contest case in 1873 between Briggs and the Norton Town Company.
It was during the same trial that he gave birth to the expression that afterwards became famous in the county, when cross questioned as to his being duly sober.
There was considerable banter between the attorney and Gibbon; when the attorney finally asked him
"Is it not a fact, sir, that you had on that day one gallon of whisky?" Gibbon's reply was: "Yes. sir; but what is a gallon among one?"
At the special election of 1872 he was elected coroner, and at the regular November election he was elected probate judge; but was defeated
in 1874 by John P. Dopps. In 1873 he was defeated for county superintendent by one vote by D. W. Mills.
He delivered the first 4th of July oration ever delivered in the county; that was in 1872. The celebration was held in the grove west of town, near where 0le Jones afterward built his farm house. Mrs. James Hall, Mrs. D C. Coleman, Mrs. John Price and about twenty-five men attended.
Judge Gibbon was found dead in his dugout June 12, 1875, by Albert Curry, who called on an errand. An inquest was held by David Close, then justice of the peace. The verdict of the coroner's jury was that death was caused by heart disease. He was buried just north of his dugout on his homestead. Since that time a public road has been laid out through the farm which road passes directly over the grave. Eli Dopps administered on his estate, which was small; the proceeds were sent to his two daughters who lived at that time in Minnesota. An old quotation that many of the judge's friends will remember hearing him recite now seems applicable to his condition:
"Wealth and glory and place and power,
What are they worth to me or you?
For the lease of life runs out in an hour,
And death stands ready to claim his due:
Sounding honors or heap of gold,
Where are they all when all is told?"
Martin Kelty was accused of stealing a horse in 1873 from Oscar Bass, a hunter and trapper, who lived on the Sappa, near the mouth of Long Branch. He escaped from the officer after his arrest, stole another horse from Bass and made his escape. Some years afterward word was received that he was in Minnesota. Bass had in the meantime left the country and no attempt was ever made to recapture Kelty.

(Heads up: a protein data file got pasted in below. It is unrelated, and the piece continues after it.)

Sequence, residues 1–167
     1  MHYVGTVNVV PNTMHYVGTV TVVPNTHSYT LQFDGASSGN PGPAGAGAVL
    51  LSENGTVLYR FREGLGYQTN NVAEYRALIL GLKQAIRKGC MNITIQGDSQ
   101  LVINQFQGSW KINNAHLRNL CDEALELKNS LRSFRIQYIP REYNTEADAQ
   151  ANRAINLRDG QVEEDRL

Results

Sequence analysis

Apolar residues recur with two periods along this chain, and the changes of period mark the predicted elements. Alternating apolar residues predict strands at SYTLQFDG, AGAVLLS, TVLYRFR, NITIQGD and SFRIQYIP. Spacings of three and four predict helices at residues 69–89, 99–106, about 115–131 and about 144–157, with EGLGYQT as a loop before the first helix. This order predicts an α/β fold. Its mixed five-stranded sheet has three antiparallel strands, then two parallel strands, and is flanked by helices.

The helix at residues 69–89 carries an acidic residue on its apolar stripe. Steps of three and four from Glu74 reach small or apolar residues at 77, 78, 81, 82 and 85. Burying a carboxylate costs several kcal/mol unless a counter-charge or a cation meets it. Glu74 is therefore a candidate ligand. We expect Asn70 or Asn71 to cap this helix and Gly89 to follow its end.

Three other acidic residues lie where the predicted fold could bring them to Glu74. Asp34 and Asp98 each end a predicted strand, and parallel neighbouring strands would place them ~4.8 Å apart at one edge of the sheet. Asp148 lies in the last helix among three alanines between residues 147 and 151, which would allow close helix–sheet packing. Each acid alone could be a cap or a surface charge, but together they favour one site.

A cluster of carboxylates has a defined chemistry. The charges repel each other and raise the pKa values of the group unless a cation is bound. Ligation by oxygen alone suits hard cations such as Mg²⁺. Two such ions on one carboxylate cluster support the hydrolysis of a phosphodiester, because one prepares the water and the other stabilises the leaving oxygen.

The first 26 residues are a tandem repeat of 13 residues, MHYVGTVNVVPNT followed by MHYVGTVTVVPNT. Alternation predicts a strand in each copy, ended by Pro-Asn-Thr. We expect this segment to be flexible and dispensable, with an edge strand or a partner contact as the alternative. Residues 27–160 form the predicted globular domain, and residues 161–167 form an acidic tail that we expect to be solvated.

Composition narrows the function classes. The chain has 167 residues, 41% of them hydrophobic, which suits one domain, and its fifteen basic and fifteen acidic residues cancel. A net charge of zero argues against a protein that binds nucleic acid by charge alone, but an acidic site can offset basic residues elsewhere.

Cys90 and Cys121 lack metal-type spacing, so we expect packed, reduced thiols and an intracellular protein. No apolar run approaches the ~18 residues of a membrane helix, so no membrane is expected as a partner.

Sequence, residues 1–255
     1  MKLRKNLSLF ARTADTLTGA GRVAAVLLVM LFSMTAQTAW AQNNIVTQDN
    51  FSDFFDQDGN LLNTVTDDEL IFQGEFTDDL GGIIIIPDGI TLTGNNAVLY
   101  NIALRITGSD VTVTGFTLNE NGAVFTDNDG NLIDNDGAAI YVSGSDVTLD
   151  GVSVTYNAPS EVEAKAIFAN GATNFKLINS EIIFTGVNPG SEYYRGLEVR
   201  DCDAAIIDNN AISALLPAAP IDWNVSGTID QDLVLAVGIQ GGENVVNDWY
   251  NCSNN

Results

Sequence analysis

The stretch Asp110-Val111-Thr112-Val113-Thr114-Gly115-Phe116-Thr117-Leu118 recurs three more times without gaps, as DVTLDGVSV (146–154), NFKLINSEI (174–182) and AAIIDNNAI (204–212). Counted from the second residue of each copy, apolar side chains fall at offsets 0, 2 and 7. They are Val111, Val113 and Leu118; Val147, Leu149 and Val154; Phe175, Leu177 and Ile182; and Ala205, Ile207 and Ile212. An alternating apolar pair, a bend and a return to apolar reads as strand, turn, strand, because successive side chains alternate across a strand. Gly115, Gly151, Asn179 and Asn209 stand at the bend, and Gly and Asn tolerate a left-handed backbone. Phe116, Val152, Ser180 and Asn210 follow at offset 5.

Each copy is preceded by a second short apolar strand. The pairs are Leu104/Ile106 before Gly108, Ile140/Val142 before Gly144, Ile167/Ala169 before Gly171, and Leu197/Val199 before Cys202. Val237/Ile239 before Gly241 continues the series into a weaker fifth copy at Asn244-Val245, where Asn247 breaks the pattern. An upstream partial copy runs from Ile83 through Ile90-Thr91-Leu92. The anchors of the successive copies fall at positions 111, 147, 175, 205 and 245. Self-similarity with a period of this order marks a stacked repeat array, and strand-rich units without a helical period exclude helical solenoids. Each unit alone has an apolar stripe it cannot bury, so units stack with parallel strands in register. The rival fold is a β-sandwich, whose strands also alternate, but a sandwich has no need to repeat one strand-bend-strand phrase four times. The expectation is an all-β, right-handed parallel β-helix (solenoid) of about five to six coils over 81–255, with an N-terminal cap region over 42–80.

In the spring of 1870, Isaac Newton Cope left Wisconsin for Kansas. He stopped for a short time in Nemaha county where he was married, came on to Jewell county and remained there until June 1872, when he settled on the land he now owns. He made the first proof before the U. S. land office from this county on Dec. 12, 1872, on the NE 1/4, S 18, T 3, R 23. He built a log house in July 1872. on the land and put a shingle roof upon it, the first in this county. He brought the first mowing machine to this county. The press on which was printed The Western Locomotive, the first newspaper published in Norton county, is now in his possession. He started the town of Weston on the land where he now resides in 1873, and gave it its name. He saw hard times in the winter of '70 and '71 in Jewell county. He and his wife were often without bread; at several different times they lived for several days on buffalo meat. In the spring of 1872 he sold his Jewell county claim for $1,000. After making a few good trades he settled here in June with about $1,800 in money and property. He is now one of our most extensive cattle feeders and is well supplied with this world's goods. He has never been a candidate for public office. He was the leader of the Leota forces in the county seat contest; he led a remarkable and brilliant fight for his town and came out of the contest without an
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